Francisque Poulbot Biography

Francisque Poulbot




Illustrator, painter, toy designer, and early filmmaker Francisque Poulbot was born in Saint-Denis, France on February 6, 1879. He was born into a teaching family – both of his parents were lecturers. The oldest of seven children, Francisque was a gifted draughtsman but shied away from the École des Beaux-Arts. It is known that he took lessons in engraving from Eugene Delatre, but the timeline of these lessons is unknown. Beginning around 1900 be began receiving commissions for drawings and cartoons by various publications and the press, including Le Pele-Mele.

He moved to Montmartre and continued to work as an illustrator for books and ad agencies, though now he had expanded his creative pursuits to include toy design. In 1913 he created the dolls Nenette and Rintintin to compete with the popular German toys flooding the French market; Nenette was named after the pet name he gave to his future wife, Leona Ondernard (who he married in February 1914), and Rintintin was his own nickname.

In August of 2014 he was called up to serve in the 2nd Army Corps' 11th Land Regiment as the First World War began. However, in February of 1915 he was wounded and eventually sent back to Paris after it was discovered that he had a condition effecting his bones. For the remainder of the war he continued to offer his services to war effort by drawing and publishing patriotic cartoons for Le Journal as well as posters and postcards. Of particular importance to Poulbot was the sympathetic nature of children, and he frequently used the image of the child to spark compassion in the reader. He expanded his creative pursuits to include filmmaking, and he directed his first shorts, "Montmartre's Kids" and "The Kiddies of the Ruins", in 1916 and 1918, respectively. These films used humorous storylines to illustrate the nature of children during wartime.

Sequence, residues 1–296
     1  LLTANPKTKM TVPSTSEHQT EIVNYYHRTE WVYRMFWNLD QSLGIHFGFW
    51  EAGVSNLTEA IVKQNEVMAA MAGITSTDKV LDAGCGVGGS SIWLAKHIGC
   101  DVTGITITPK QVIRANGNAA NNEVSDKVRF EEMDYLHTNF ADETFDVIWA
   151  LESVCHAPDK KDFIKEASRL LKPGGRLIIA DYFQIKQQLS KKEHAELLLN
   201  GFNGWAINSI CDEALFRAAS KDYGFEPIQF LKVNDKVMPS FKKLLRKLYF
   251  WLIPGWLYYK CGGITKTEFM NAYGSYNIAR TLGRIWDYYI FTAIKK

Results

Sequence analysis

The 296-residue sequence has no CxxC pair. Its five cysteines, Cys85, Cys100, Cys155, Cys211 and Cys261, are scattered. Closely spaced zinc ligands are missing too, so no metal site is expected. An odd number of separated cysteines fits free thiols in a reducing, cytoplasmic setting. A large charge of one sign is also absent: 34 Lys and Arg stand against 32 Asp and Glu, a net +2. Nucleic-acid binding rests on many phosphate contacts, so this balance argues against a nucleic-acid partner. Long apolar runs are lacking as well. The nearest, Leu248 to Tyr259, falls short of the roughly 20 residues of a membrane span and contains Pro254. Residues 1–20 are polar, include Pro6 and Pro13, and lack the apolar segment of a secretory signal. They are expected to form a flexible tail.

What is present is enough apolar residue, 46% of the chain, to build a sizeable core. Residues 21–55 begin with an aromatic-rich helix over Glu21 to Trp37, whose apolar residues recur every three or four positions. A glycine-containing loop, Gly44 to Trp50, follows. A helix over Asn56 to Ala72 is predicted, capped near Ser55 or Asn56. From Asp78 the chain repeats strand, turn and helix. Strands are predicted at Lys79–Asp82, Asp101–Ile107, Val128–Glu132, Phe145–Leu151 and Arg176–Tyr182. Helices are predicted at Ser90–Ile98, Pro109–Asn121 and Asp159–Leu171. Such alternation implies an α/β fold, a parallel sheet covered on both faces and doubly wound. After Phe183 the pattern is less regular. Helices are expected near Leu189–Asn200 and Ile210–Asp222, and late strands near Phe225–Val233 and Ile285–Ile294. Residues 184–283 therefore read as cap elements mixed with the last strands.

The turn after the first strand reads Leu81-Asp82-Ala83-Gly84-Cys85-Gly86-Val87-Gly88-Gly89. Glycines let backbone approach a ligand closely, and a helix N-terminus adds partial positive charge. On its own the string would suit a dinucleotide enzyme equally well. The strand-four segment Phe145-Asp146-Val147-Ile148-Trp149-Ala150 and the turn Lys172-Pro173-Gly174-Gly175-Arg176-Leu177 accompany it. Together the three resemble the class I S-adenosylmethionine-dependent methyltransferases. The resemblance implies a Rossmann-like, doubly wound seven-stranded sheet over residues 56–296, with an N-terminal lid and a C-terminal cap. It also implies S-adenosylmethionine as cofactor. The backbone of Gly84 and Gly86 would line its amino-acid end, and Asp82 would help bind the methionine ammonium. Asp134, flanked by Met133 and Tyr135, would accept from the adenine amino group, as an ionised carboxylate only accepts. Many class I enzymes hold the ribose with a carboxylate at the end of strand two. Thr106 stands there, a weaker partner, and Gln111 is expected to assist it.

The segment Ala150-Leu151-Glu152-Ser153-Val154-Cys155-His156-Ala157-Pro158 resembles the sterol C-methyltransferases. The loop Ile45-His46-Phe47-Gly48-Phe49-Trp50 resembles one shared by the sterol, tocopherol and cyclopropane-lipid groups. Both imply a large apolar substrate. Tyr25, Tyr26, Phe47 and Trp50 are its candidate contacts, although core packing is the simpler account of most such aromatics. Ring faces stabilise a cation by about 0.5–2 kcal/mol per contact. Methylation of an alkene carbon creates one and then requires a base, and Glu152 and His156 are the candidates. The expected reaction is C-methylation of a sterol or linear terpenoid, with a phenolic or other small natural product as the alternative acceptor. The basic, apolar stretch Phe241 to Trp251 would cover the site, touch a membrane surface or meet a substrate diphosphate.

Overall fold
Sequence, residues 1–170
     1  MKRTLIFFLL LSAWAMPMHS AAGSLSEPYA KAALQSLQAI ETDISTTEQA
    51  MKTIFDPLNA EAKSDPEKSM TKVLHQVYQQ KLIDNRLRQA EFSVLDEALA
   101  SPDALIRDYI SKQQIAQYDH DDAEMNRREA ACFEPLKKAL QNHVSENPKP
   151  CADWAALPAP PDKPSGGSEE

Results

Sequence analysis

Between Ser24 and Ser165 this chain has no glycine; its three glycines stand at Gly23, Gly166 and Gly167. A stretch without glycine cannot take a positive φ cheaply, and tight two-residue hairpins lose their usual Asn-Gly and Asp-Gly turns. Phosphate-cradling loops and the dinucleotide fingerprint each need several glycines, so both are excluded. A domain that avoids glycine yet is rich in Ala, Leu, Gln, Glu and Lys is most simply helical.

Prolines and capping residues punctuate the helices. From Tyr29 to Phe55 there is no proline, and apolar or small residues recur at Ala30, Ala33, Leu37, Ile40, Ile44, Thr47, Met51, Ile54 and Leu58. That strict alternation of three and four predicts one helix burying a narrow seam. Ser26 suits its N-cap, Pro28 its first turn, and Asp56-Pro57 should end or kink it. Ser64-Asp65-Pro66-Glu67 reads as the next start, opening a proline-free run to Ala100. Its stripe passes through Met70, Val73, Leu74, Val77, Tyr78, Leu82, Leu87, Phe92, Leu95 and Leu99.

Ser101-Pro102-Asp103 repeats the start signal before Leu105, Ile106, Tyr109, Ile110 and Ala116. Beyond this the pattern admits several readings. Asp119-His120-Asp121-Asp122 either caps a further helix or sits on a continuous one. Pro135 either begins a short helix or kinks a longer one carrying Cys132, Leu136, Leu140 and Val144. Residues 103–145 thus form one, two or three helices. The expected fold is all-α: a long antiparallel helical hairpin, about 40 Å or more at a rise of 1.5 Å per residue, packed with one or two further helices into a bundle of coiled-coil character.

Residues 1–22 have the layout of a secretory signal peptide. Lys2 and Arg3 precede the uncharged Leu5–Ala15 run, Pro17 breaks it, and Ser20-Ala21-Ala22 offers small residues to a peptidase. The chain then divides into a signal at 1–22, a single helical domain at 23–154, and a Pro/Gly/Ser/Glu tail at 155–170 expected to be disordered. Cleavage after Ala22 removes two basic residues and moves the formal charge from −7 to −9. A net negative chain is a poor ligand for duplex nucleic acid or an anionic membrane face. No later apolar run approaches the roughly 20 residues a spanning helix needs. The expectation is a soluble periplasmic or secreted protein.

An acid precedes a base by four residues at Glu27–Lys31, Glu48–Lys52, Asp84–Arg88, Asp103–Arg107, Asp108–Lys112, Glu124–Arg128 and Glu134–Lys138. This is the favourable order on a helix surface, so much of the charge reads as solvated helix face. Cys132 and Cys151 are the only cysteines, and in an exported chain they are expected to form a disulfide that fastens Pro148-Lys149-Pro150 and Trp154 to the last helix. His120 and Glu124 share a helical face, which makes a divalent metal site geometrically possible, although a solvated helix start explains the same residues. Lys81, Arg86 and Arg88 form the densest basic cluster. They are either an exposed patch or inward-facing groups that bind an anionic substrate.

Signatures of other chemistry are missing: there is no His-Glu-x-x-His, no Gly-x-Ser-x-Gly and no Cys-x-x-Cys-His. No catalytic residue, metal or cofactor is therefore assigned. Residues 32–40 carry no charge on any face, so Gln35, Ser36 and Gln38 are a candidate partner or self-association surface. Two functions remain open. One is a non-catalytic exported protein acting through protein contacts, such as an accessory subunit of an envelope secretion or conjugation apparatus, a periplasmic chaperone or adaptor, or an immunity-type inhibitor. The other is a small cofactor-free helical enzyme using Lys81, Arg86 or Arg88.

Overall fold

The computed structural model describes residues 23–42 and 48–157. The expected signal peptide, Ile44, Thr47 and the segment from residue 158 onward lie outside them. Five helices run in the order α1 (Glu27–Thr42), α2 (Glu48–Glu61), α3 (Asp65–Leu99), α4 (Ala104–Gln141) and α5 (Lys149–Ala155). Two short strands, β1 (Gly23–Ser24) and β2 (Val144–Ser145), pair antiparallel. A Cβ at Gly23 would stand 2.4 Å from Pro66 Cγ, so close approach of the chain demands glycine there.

From 1920–1921, being very attached to the Montmartre life, Poulbot became involved in the creation of the République de Montmartre. An association aimed at helping care for children of poor families and orphans, founded
 with his friends Adolphe Willette, Jean-Louis Forain and Maurice Neumont. Their efforts included a free health clinic called "Les P'tit Poulbots". His depiction of these children, often drawn in a heroic fashion, led to the French Government bestowing upon him the Legion of Honor, and the term "poulbot" would be coined to refer to illustrations of Parisian "titis": street children. A perfect example is an illustration of Gavroche, the famous character from the novel Les Misérables by Victor Hugo. Poulbot would later be put under house arrest during German occupation of France in World War II for these images.

Francisque Poulbot  died in Paris on 16 September, 1946 and was buried in Montmartre Cemetery.